• I could define/connect everything within the subclass of dijit.layout.TabContainer itself, avoiding both brittle code and the necessity of per-instance mixin execution, though perhaps this solution doesn’t immediately look quite as intuitive, since I’m really patching methods of the controller (and indeed it took a while for this alternative to occur to me).
  • I could freak out and kill people; it’s what ninjas do.

If you read the 1.4 version of the code above, you can probably tell I went with the third option (no one was harmed in the writing of this update).

Rather than add functionality to the controller and simply change the value of _controllerWidget, I now simply define everything directly in the subclass of dijit.layout.TabContainer. This may seem a tad unintuitive, especially in postCreate where I’m essentially connecting events of the controller to methods of the container; however, it actually affords me 2 things:

  • In postCreate, I can connect to methods of this class directly, without having to mix the functionality in on a per-instance basis.
  • In _popHistory, I no longer have to kludge a by-id lookup of the container widget from its controller, since this now refers directly to it.

So there you have it; dedicated solutions for both Dojo 1.3 and 1.4. I’ve certainly learned a thing or two from this little mishap on my part; hopefully some of you can as well.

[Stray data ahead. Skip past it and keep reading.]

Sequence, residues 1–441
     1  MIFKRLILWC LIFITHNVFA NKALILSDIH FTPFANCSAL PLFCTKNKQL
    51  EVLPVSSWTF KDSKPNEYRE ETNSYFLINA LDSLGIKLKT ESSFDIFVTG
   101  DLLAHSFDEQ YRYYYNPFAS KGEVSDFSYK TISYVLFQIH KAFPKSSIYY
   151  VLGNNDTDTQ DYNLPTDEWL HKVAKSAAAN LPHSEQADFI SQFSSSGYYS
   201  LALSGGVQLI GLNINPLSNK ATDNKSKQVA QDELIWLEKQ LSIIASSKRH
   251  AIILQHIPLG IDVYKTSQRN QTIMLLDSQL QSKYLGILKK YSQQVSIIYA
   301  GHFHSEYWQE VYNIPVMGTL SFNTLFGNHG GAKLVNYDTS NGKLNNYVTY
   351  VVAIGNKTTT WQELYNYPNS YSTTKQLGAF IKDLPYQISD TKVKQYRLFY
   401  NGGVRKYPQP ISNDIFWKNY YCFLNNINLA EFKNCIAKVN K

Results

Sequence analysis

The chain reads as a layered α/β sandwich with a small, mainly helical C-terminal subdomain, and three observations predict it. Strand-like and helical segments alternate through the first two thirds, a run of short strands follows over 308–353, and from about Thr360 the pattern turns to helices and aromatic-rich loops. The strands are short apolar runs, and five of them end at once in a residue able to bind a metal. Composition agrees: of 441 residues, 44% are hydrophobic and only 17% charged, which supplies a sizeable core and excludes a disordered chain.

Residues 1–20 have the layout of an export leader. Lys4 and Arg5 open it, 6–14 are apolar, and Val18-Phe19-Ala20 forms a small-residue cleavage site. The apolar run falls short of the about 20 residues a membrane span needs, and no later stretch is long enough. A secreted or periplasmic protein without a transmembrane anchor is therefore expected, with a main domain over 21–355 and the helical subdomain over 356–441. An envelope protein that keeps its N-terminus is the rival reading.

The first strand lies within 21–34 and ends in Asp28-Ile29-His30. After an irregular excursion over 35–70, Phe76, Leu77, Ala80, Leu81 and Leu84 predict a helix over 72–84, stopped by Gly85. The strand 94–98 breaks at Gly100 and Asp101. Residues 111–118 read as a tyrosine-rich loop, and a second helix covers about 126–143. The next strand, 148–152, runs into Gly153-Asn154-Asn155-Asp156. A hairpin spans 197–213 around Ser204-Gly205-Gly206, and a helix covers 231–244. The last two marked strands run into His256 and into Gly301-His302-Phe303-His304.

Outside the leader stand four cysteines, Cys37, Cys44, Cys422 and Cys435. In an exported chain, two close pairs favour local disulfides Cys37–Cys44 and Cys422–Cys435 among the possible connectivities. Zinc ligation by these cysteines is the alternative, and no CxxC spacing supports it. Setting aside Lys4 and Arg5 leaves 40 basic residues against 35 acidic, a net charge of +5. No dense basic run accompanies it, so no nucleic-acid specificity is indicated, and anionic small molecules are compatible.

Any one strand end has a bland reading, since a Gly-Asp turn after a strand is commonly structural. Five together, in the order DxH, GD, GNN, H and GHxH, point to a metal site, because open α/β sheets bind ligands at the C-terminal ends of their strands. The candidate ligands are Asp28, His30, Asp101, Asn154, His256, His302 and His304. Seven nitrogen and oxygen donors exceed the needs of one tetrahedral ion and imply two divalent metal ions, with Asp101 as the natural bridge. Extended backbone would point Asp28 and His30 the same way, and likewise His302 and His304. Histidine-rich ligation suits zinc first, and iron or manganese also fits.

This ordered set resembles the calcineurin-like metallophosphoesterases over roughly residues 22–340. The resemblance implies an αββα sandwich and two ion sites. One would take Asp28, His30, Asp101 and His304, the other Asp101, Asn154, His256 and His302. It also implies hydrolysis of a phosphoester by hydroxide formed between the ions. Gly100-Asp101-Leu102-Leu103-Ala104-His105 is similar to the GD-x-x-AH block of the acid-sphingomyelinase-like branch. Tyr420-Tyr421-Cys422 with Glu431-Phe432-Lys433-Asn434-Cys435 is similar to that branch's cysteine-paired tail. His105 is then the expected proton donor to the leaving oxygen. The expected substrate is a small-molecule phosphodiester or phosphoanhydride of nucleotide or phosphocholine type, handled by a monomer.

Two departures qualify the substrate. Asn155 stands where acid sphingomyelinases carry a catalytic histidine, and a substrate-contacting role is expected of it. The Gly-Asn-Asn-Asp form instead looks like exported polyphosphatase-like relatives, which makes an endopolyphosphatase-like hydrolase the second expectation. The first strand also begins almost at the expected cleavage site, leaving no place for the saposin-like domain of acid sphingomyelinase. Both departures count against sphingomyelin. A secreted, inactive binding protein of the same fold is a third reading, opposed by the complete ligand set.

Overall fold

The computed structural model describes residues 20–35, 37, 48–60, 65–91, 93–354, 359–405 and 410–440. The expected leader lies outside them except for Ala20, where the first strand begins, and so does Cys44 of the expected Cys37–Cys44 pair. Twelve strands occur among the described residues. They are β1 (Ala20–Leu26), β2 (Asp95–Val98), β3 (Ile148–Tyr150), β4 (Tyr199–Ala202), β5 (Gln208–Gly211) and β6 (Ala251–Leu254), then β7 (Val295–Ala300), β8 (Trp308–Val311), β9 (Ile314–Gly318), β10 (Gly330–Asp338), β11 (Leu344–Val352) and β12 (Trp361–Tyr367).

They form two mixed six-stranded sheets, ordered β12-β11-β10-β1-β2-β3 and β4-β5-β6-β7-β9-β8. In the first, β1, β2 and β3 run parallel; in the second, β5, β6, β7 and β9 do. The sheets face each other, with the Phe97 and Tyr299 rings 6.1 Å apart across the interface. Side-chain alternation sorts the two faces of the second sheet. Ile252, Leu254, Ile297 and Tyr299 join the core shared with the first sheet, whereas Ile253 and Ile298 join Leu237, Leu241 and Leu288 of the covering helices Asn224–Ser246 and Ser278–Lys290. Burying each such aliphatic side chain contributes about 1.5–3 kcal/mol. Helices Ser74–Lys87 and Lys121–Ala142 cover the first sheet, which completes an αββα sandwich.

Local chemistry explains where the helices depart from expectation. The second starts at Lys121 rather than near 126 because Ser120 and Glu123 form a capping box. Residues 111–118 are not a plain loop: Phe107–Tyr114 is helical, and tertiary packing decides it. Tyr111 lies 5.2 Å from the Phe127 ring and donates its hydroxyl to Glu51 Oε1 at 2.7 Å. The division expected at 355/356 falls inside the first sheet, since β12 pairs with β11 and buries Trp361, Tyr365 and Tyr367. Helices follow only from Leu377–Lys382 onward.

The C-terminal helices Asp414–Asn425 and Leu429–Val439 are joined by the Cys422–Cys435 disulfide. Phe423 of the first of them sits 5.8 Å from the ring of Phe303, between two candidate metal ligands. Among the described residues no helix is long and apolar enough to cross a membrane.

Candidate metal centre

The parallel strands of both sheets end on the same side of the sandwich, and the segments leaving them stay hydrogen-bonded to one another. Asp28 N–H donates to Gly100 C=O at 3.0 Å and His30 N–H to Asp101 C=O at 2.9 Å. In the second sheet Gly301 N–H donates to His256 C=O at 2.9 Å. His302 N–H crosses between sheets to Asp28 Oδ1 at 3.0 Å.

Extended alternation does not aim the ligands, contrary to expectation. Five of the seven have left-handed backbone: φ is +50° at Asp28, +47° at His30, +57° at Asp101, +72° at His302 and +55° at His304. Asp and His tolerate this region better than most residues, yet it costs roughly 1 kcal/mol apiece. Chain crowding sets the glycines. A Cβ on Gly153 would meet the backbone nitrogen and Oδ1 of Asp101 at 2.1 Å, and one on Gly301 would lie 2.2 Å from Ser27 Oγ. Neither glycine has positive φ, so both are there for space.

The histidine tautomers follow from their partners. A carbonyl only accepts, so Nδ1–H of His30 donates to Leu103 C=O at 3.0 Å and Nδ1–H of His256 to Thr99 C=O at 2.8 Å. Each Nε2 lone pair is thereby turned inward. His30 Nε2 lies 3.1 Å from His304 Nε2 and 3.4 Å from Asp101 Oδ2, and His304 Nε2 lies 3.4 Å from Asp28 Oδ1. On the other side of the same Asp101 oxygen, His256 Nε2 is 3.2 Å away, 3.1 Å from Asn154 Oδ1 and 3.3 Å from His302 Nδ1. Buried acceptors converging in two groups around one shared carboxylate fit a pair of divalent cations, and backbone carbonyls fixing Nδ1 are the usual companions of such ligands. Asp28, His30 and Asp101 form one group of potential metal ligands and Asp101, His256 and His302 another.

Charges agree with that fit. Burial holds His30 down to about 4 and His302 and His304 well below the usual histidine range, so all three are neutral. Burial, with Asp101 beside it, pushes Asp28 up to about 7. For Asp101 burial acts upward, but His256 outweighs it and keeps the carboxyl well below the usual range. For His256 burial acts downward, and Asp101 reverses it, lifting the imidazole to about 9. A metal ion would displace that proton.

Further Reading

Comments

4 Responses to “Making a Smarter TabContainer”
  1. cbarrett1 says:

    Very nice KGF. Another question is how to disable a tab from being able to be clicked on. That seems simple enough, but I don’t know if I saw a resolution to that question.

    • Ken says:

      I just took 15 minutes to look into your question. Perhaps I’m missing something more trivial, but the answer appears to be a tad buried, since there doesn’t seem to be any inherent support for honoring the disabled attribute in StackController buttons (which TabController tabs inherit from). Perhaps I should make a separate post about what solution I found…

      Meanwhile, this digging has led me to realize that my initial solution to TabContainer “memory” is actually still somewhat dated – it’d work just fine for 1.3 (which of course is what I initially developed it on, just change controllerWidget back to _controllerWidget), but 1.4 actually delays the controllerWidget decision until postMixinProperties, since top/bottom-aligned tabs support the new ScrollingTabController while while left/right aligned tabs do not. My original sample above blindly assumed TabController, i.e. you lose the scrolling, which is not cool!

      So thanks for your question since it made me realize my own stupidity :P

  2. Gabriele Dini Ciacci says:

    Great, you know this is golden code that is working out of the box. Thanks so much.
    darkschneider

  3. Shawn Rebelo says:

    Thank you for this insight. Helped me a lot in controlling tab history.